Tychy is greatly enjoying Stef Penney’s radio adaptation of Herman Melville’s 1851 novel Moby Dick, which is being broadcast in two parts as BBC Radio 4’s Sunday Classic Serial. There are obvious dangers to dramatising Melville’s novel, which has the shape and appearance of a gripping action adventure, but which is actually a rambling stream-of-consciousness Futurist opera and a virtual whaling encyclopaedia to boot. Melville’s narrative is endlessly interrupted by digressions about whaling which seem to be designed to torment any reader who is foolish enough to follow the plot and wish to see it resolved.
For all of this, however, Penney transforms Melville’s narrative into some lively and lyrical dialogue – a mixture of the Shakespeare who had cast his spell upon Melville and the smart-talking of American frontier tales. The play successfully extracts some good Gothicism from Melville’s story, with the Pequod leaving port under a delicious pall of gloom. Yet this Gothicism derives from the cathedral dankness of New Bedford and the Biblical skies over the Pequod, and not from the whale itself, which is just a distant burr, like uncertain glimpses of a legendary white lady in an English country lane. This is a Moby Dick capable of captivating children, or at least intelligent children, whereas the novel might leave them disillusioned with the whole of adult literature (it may seem strange, but in another age D. H. Lawrence had tried to insist that Moby Dick was more than a “children’s tale.”)
Some of the sailors’ accents are a little dodgy, but this is a time-honoured tradition for any Melville adaptation. Trevor White and PJ Brennan’s “Ishmael” is an earnest American youth, who sounds a little like the boy reporter Tintin in the Canadian cartoons, and this adaptation imagines him as an earlier version of Billy Budd, who was left as the woman of an all male crew by virtue of being the least barbaric and Enlightened sailor on board. Ishmael is an innocent presence – the old and young Ishamels are virtually indistinguishable – and his youthful modernity contrasts strikingly with the antique savagery of Garrick Hagon’s Ahab: a jolly old pagan king who is trying to drag America’s industrial modernity back to the days of the Old Testament.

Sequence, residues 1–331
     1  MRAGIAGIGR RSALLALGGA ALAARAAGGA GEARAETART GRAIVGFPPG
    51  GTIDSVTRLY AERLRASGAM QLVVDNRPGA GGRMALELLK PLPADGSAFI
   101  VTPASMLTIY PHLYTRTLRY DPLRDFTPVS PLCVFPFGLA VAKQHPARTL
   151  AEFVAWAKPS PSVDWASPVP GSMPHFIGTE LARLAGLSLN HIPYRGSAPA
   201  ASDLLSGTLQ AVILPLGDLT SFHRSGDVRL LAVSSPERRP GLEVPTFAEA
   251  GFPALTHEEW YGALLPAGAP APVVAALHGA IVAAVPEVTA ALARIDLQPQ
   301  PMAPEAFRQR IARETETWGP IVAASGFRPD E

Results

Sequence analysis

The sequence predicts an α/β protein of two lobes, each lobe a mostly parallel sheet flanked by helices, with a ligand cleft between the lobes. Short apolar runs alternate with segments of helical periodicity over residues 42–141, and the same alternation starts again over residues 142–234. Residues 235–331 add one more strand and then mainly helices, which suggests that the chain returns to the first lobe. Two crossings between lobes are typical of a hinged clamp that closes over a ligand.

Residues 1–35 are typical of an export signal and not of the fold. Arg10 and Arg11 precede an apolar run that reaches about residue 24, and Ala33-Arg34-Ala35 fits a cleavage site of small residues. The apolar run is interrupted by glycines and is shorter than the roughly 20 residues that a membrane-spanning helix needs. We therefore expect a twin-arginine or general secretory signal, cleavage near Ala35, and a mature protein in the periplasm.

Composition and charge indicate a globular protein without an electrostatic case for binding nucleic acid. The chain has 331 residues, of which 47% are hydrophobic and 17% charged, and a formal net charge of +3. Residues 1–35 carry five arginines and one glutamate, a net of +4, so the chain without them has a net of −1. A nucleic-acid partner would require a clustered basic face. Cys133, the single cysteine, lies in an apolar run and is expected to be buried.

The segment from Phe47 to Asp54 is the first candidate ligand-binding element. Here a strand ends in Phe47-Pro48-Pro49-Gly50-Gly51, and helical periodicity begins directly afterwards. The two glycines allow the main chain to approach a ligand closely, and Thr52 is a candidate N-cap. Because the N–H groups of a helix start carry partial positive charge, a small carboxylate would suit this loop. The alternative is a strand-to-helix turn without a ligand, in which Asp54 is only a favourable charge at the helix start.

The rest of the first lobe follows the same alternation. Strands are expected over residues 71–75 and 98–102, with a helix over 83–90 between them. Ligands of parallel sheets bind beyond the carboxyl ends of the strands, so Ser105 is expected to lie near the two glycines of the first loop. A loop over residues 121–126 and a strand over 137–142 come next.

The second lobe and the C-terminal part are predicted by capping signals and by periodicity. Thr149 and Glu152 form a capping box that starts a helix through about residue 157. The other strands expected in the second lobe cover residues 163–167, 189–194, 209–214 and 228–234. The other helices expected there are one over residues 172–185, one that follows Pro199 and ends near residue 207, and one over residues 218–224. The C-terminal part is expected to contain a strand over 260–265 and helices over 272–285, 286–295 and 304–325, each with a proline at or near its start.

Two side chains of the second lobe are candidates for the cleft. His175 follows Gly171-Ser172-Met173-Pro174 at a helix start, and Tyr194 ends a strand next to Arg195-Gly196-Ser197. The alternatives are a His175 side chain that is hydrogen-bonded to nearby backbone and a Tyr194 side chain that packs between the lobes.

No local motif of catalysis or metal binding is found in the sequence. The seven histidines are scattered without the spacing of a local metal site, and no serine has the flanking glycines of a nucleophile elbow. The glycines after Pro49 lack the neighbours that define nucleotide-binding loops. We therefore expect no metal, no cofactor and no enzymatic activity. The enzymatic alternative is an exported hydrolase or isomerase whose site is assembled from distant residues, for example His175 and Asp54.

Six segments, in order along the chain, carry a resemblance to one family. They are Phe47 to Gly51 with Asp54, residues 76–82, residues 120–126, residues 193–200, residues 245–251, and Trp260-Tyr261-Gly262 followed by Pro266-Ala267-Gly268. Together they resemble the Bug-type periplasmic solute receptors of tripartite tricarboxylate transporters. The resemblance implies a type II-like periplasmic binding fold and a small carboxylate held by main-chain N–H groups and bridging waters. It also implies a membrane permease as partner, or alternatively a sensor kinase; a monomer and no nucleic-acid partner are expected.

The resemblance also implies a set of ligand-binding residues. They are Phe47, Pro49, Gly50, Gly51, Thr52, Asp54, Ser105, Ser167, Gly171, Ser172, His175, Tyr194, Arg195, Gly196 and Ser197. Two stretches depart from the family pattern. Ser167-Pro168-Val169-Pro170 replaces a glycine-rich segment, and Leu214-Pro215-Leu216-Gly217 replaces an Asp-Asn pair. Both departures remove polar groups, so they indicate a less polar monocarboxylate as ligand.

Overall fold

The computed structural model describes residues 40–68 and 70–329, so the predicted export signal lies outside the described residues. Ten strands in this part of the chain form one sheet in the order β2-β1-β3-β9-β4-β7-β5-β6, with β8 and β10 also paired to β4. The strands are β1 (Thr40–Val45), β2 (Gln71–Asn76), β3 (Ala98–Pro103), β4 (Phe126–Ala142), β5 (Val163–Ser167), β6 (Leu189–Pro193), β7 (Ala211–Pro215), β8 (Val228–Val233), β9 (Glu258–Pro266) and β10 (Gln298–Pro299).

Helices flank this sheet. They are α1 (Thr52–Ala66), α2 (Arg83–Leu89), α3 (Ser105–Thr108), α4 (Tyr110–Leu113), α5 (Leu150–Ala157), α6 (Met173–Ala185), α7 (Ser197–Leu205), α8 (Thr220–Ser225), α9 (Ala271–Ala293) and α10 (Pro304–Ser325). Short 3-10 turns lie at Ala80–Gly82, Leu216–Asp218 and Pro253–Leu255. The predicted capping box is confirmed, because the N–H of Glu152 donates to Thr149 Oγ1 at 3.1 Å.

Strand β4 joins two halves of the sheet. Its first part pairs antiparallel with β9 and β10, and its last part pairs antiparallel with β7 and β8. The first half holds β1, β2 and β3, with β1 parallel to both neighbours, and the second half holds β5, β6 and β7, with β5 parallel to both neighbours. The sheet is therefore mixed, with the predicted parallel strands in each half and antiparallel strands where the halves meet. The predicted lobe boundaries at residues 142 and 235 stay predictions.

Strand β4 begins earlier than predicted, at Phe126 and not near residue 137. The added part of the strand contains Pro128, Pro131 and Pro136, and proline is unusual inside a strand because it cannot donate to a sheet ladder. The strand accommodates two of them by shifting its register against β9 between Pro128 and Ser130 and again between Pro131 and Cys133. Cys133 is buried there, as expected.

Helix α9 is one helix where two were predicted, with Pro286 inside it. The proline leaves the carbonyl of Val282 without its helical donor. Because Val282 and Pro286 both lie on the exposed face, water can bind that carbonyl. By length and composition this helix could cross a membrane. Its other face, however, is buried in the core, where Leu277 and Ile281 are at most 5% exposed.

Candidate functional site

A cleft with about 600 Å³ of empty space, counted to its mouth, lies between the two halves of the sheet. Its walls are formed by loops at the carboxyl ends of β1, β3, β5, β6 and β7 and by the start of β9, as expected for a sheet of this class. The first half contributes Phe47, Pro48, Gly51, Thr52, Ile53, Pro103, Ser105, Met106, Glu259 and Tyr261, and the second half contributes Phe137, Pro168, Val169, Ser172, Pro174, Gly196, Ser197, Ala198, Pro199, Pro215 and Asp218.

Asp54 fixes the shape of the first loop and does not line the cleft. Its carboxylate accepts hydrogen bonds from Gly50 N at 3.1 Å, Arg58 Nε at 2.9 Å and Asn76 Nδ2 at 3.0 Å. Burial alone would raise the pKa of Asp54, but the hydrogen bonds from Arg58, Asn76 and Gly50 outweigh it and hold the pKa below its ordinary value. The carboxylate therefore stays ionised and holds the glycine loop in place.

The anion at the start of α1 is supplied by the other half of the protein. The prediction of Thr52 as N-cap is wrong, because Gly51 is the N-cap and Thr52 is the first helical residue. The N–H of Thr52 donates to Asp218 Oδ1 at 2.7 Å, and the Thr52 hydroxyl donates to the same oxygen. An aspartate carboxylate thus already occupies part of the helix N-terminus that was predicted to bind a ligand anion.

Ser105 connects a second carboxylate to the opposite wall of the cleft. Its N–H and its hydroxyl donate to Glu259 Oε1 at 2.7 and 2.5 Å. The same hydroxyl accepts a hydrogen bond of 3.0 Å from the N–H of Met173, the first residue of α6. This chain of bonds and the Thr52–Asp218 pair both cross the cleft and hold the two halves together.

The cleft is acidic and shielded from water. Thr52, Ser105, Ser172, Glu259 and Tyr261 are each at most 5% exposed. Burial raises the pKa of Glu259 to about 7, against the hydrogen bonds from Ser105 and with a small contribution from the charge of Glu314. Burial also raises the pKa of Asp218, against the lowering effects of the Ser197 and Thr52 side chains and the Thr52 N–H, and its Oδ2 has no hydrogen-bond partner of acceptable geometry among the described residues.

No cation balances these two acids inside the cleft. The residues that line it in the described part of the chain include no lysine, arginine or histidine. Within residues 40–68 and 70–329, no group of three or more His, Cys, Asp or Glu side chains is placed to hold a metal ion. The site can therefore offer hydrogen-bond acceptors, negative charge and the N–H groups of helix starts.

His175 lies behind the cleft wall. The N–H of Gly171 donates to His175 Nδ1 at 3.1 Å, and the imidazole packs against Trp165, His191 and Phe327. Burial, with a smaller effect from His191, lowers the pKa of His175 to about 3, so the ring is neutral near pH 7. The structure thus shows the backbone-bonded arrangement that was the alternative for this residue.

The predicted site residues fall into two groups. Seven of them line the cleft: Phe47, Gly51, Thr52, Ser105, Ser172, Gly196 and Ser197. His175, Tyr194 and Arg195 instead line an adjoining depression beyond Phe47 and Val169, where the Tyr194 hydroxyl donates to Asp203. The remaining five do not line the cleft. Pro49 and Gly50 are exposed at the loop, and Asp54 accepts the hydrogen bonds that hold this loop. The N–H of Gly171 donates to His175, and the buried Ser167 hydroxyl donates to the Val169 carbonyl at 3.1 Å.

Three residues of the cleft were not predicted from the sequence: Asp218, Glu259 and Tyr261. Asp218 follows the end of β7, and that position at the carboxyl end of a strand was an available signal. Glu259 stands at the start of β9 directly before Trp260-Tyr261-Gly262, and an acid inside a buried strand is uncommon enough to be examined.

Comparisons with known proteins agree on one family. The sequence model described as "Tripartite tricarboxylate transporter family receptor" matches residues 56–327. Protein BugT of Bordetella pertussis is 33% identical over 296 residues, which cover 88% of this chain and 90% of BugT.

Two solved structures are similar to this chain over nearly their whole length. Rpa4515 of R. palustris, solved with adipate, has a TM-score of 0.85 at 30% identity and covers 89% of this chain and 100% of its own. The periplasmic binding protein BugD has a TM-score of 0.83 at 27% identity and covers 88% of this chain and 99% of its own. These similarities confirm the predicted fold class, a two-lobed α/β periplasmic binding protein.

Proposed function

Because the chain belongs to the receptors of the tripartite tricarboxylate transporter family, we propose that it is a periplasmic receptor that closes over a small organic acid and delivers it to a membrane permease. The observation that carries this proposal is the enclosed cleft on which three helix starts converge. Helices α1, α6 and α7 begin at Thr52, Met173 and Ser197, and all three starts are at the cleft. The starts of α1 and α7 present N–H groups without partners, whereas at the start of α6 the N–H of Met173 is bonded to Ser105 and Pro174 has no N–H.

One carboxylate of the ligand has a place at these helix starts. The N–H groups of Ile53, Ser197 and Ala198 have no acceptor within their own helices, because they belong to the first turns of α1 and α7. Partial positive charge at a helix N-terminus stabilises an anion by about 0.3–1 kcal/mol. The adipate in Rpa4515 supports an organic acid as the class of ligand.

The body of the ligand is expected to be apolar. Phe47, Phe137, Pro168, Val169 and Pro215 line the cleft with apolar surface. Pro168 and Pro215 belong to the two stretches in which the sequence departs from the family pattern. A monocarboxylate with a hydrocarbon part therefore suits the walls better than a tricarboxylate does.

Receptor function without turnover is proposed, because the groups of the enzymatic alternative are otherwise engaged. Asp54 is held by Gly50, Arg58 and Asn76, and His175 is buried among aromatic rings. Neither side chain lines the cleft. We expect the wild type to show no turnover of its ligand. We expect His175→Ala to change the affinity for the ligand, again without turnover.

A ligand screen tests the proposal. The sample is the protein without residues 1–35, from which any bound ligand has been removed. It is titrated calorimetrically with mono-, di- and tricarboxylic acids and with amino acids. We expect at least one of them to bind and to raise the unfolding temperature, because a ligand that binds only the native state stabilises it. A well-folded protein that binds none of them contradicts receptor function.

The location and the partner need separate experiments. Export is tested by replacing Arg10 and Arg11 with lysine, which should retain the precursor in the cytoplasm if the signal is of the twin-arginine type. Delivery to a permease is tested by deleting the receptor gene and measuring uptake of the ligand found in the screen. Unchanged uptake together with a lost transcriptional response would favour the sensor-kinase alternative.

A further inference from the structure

Fascism was already a twinkle in Melville’s eye – he could understand how a “lunatic” demagogue might enchant working people and lead them off on a mad adventure, and the mate Starbuck is consequently cast as the impotently reasoning liberal of the piece. But for this reason, Hagon’s Ahab is at times a bit too jolly and roughish for my tastes – his vengeance seems oddly banal and difficult to explain in such a mature man – and it is much easier to identify with Richard Laing’s protesting Starbuck. Perhaps ominously, part 1 of the serial ends four fifths of the way through the book – after chapter 109 – which indicates that this dramatisation is not equal to the enormity of the novel’s fascination with gutting whales, although Ishmael’s account of the “shambles… all in the aid of Enlightenment [ie oil for lamps]” is so far the most compelling part of the play. The Pequod is left with an entire hour in which to chase Moby Dick next Sunday.
[See Tychy passim for much more writing on Melville. Ed.]